Shortly before Christmas, it was announced that a ‘landmark’ training guide had been developed to help those caring for people living with dementia. It’s an extensive guide, at hundreds of pages, and goes into considerable depth, and it is hoped that it will ‘increase quality of care’. Then just a few days after that, a NICE report also found that doctors were still using a ‘tick box approach’ when dealing with end of life care, instead of considering each patient’s own specific needs.
While somewhat unconnected, I find both of these pieces of news equally concerning. When did we become so removed from the real meaning of care that ticking boxes and following guidelines are the best we can offer? Especially when the solution to real person-centred care lies in something so simple. It’s about just really caring for people, and caring in that original sense of the word – it means you’re invested in their happiness, their well-being, that you want the best for them and will do whatever you can to ensure they are looked after and content.
“When did we become so removed from the real meaning of care that ticking boxes and following guidelines are the best we can offer?”
This kind of caring comes from the heart. Sensing or intuiting what would be good for someone, not using the wisdom of a training manual, but using the wisdom of the heart. My concern is that the more we move to cerebral solutions to solve specific situations (such as caring for people with dementia), the more we move away from the heart, and this is where all caring should come from.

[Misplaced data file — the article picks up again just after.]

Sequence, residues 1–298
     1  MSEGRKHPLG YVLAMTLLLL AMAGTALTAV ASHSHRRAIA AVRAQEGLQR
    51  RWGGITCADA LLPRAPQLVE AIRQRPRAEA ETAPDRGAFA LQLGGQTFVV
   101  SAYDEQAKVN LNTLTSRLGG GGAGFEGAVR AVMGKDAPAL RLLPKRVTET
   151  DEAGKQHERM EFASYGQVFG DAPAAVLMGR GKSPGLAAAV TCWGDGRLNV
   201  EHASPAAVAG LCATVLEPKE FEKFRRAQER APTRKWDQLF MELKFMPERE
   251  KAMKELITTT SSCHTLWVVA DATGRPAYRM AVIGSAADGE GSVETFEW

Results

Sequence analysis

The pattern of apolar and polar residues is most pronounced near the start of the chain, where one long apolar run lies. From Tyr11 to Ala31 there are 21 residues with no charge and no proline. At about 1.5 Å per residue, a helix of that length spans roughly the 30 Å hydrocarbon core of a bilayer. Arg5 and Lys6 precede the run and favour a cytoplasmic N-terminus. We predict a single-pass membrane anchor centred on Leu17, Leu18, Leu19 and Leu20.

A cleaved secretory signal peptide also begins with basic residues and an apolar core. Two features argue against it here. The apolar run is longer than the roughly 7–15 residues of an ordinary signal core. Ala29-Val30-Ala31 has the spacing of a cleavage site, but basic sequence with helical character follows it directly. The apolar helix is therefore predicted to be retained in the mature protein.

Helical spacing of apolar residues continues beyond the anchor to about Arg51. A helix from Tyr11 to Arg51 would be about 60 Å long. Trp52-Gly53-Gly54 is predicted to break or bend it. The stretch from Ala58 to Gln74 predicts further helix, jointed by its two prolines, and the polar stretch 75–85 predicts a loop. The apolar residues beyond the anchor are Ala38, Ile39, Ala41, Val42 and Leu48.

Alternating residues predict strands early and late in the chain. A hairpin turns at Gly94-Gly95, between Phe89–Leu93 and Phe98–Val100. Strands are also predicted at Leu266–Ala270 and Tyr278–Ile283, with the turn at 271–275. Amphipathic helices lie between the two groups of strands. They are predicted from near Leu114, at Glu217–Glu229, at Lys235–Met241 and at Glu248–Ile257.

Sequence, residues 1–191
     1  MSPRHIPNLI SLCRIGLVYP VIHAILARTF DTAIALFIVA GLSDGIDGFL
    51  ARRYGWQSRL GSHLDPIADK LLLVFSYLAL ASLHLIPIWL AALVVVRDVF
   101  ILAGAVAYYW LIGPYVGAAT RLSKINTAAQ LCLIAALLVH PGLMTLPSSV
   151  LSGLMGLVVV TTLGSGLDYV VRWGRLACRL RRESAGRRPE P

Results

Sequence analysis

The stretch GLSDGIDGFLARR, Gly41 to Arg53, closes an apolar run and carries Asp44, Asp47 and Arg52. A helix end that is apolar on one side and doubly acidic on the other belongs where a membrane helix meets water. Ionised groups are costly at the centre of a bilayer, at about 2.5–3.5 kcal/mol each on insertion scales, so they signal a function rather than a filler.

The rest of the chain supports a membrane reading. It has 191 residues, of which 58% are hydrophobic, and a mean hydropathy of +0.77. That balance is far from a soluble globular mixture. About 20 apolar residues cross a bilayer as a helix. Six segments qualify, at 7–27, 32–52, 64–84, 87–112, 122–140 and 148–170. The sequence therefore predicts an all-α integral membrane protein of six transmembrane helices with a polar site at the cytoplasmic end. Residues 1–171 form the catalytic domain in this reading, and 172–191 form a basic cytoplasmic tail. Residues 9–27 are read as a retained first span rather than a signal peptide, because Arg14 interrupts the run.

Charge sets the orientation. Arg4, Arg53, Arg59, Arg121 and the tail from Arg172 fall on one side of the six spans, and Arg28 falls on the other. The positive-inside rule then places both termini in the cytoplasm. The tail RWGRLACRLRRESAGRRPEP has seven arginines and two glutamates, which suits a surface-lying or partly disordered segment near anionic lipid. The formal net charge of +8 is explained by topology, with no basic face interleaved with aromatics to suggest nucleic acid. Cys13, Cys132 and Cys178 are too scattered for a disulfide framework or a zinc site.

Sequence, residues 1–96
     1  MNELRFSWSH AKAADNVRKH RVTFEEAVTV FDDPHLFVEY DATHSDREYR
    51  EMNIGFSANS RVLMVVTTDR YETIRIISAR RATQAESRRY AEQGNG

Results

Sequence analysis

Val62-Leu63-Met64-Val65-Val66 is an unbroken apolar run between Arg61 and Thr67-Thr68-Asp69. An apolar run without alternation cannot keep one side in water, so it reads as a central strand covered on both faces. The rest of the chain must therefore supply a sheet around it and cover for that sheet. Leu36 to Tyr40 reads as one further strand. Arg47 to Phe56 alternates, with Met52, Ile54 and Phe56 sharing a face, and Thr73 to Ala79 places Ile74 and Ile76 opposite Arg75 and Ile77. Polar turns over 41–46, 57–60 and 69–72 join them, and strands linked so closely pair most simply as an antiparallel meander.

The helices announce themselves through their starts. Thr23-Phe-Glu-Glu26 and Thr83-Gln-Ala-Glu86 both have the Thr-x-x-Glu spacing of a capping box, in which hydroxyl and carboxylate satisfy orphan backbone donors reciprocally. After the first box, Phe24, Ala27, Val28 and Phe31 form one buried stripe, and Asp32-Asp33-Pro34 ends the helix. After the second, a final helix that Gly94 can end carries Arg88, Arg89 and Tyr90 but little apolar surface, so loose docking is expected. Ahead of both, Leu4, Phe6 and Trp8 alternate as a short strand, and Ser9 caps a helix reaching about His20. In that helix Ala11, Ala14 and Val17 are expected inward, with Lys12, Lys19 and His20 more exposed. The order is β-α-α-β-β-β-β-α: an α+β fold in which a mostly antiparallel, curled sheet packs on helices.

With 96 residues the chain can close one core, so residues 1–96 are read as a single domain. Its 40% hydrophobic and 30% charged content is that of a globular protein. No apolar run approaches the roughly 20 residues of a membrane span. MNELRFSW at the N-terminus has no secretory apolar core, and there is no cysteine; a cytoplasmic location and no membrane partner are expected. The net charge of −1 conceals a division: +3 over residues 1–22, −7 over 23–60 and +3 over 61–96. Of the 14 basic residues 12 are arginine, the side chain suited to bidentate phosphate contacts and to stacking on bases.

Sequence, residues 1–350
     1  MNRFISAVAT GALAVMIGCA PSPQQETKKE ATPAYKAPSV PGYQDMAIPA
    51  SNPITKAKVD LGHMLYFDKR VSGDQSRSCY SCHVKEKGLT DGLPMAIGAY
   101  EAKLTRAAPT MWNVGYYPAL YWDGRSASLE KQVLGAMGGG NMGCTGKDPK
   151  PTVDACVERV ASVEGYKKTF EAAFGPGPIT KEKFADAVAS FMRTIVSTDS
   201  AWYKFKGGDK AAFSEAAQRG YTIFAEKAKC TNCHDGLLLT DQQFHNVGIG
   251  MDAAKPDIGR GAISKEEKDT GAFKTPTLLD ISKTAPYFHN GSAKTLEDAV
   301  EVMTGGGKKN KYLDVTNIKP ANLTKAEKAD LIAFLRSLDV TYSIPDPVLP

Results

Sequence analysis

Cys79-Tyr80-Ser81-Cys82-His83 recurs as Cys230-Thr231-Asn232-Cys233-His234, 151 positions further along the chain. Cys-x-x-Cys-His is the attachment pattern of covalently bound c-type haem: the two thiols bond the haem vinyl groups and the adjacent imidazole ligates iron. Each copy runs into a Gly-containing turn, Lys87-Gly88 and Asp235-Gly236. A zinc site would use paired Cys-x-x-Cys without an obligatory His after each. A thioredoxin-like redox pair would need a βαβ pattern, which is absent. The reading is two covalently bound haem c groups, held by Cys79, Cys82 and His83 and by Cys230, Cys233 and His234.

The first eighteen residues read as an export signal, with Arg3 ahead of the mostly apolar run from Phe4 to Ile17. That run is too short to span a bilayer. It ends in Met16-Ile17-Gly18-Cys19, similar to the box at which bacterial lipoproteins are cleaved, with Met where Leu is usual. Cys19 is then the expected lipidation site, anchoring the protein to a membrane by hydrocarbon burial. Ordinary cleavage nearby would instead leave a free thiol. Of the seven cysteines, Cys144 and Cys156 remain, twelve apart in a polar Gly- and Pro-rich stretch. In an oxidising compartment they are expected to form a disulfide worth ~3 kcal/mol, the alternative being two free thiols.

Of course, I welcome all training, it’s vital. But if I was involved in this training programme, I’d start with the heart. I’d tell my trainees, the first thing you need to know about working with dementia and those living with it is to see the person, not the disease – just look into their eyes, talk directly to them, make them feel connected. Have conversations with them, use common day-to-day things to spark their interest, or even their memories. But give them your care, your heart and your time.
“I’d tell my trainees, the first thing you need to know about working with dementia and those living with it is to see the person, not the disease – just look into their eyes, talk directly to them, make them feel connected.”
You can do all the training you want but without heart it becomes routine, sterile and ineffective. The caring profession is such a rewarding world to work in, if only we can bring our hearts to work with us every day.